Tasmanian Tiger: Precious Little Remains
On permanent display at the Queen Victoria Museum at Inveresk.
On 7 September 1936, the last known thylacine, or Tasmanian Tiger, died in the Hobart Zoo. Ironically, almost eight weeks prior, the species had been given full legal protection by the Tasmanian Government.
What was the thylacine and what became of it? A handful of photos and some old film footage, stories and recollections, together with a few treasured museum specimens are all that survive of this remarkable and misunderstood animal.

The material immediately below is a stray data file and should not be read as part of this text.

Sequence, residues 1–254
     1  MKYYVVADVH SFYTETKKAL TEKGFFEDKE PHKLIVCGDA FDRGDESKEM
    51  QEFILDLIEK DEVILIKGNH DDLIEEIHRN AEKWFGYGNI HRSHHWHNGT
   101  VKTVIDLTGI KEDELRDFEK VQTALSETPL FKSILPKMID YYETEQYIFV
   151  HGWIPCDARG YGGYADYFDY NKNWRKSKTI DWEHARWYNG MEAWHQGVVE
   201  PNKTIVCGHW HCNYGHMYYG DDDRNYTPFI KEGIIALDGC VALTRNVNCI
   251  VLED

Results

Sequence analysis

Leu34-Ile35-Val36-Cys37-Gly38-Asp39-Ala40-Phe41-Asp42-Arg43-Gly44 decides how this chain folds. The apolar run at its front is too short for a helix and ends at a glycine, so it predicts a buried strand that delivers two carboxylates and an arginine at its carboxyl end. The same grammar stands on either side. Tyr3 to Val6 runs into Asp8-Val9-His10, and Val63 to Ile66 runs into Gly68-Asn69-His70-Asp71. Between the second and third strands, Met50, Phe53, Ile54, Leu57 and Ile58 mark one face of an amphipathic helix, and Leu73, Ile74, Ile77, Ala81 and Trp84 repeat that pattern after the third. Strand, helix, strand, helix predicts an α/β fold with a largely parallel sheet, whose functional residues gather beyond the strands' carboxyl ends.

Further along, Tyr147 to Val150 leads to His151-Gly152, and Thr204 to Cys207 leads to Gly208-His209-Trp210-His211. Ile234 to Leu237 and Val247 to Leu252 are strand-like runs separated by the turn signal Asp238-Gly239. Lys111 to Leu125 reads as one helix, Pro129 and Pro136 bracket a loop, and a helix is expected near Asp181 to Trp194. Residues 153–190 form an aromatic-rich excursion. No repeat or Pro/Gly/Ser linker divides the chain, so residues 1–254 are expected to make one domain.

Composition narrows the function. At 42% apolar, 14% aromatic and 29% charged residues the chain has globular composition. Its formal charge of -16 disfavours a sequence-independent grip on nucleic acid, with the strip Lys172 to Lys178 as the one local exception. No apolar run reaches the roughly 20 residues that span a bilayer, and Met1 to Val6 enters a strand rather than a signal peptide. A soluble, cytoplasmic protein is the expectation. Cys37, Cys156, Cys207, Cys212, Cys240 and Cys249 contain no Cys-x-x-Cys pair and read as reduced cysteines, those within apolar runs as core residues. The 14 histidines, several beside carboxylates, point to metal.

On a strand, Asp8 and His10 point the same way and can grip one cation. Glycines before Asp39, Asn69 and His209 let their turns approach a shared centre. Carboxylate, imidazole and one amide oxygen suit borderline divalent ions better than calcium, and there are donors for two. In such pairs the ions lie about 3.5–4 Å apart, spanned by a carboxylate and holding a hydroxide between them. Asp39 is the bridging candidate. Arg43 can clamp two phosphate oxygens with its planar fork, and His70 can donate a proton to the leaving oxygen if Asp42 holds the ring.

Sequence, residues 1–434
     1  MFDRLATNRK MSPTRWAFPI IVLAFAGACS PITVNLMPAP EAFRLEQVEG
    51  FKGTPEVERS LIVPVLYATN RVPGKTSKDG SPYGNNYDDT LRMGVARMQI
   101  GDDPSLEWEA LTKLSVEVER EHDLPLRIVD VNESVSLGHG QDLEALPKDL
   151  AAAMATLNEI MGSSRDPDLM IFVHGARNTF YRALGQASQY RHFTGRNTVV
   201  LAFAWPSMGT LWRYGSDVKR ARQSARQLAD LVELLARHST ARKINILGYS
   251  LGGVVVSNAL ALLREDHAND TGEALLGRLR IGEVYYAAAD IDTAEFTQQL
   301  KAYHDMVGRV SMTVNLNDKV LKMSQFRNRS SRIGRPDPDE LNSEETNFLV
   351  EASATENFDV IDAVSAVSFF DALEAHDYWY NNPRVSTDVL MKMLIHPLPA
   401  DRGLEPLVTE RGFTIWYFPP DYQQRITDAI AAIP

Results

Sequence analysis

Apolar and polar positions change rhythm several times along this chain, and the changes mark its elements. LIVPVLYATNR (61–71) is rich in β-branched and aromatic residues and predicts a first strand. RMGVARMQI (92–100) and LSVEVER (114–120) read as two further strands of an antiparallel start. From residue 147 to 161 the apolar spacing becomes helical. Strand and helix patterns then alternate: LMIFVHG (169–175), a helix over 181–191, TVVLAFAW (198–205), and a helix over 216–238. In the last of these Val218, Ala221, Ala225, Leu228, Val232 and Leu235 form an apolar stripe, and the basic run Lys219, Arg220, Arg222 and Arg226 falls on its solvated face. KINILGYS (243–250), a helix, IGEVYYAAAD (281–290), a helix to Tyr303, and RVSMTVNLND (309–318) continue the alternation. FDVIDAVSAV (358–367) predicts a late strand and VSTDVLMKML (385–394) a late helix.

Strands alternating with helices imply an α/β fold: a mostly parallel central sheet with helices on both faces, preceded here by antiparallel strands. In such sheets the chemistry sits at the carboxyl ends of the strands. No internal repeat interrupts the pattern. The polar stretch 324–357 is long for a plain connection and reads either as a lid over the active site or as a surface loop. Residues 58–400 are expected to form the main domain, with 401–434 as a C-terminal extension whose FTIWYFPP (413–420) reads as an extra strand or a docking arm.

The exhibition includes thylacine remains from the QVMAG collection not seen before, as well as historical photographs, objects and stories about this remarkable and misunderstood animal.
A feature of the exhibition is a unique buggy rug (for use in a buggy or carriage), presented to the Queen Victoria Museum and Art Gallery and the Tasmanian Museum and Art Gallery, Hobart, by the Federal Group in 2002. This is the only known multi-skin rug made from thylacine skins.
Supported by the Federal Government's Your Community Heritage Program.